Company Profile

One of the leading neckwear manufacturers and suppliers in China, Shengzhou Jinfa Necktie Co., Ltd is specialized in producing and customizing competitive and quality neckwear products either OEM-based or self-branded, including Jacquard or woven, yarn dyed or printed silk or polyester neckties, scarves, shawls, stoles and bow ties, etc. more>>

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The Background and Materials of the Neckwear

Font Size:big - mid - smallejinfatie   Release time 08-05-28 13:36     view:2651   coomment:0   source:


Neckwear dates back 30,000 years when primitive peoples adorned their chests with beads and bangles. Throughout the ages, people continued to wear wood, metal, pearls, feathers, glass, or cloth around their necks. Perhaps the superstition widely believed in the Middle Ages that bodily ills entered one through the throat had something to do with the continued popularity of a protective neckcloth, or perhaps soldiers felt more secure in having their neck covered in battle.

The first neckties, known as cravats, were worn by soldiers in the seventeenth century. According to legend, Croatian mercenaries, after having fought over Turkey, visited Louis XIV in Paris to celebrate their victory. The Sun King was so impressed by the colored silk scarfs the soldiers wore around their necks that he adopted the fashion himself. The mercenaries, called the Royal Cravattes (from the Croatian word kravate), lent their name to what became a popular fashion accessory. The style quickly spread to England after exiled Charles II returned from France, bringing with him his interest in cravats, and they have continued to be a part of men’s neckwear since then.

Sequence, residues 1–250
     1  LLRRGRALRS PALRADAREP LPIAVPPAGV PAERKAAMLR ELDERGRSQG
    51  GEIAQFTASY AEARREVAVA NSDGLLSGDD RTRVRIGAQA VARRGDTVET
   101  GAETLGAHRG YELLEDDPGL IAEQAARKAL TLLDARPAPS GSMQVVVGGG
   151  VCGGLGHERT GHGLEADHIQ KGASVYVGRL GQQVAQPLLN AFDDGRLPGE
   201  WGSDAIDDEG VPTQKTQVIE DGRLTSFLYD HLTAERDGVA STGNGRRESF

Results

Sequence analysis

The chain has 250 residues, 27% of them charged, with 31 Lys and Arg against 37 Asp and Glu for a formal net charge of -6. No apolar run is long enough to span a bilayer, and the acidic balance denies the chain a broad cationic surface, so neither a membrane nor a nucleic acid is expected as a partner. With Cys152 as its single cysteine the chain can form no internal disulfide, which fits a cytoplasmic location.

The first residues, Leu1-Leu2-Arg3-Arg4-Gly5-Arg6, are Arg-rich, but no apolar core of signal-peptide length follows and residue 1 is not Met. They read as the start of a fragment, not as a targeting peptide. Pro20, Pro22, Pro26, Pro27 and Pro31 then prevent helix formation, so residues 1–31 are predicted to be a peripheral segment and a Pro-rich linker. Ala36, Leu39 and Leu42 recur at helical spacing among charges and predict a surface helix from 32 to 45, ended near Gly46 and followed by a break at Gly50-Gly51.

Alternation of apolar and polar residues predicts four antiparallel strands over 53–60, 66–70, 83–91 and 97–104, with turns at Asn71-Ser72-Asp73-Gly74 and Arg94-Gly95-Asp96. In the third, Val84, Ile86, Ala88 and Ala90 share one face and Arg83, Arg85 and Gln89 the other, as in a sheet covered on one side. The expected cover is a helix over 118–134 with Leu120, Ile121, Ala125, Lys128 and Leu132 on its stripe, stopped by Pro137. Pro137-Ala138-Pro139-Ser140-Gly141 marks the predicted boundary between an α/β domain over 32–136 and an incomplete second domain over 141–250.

The stock tie, which appeared to be a welltied knot in the front but was actually fastened at the back of the neck, was an alternative to the cravat for almost two hundred years, only to be forgotten by the early 1900s. The modern necktie became the norm in the twentieth century. Ninety-five million ties are sold in the United States annually, generating more than $1.4 billion in retail sales, according to MR Magazine and the Neckwear Association of America’s 1992 Handbook.

Raw Materials

The most commonly used fibers for the manufacturing of neckties are silk, polyester, wool and wool blends, acetate, rayon, nylon, cotton, linen, and ramie. Neckties made from silk represent about 40 percent of the market. Raw silk is primarily imported from China and, to a far lesser extent, Brazil. Domestic weavers of tie fabrics buy their silk yarn in its natural state and have it finished and dyed by specialists. Technological advances have made possible the use of microfiber polyesters, which produce a rich, soft fabric resembling silk and which can be combined with natural or other artificial fibers to produce a wide range of effects.


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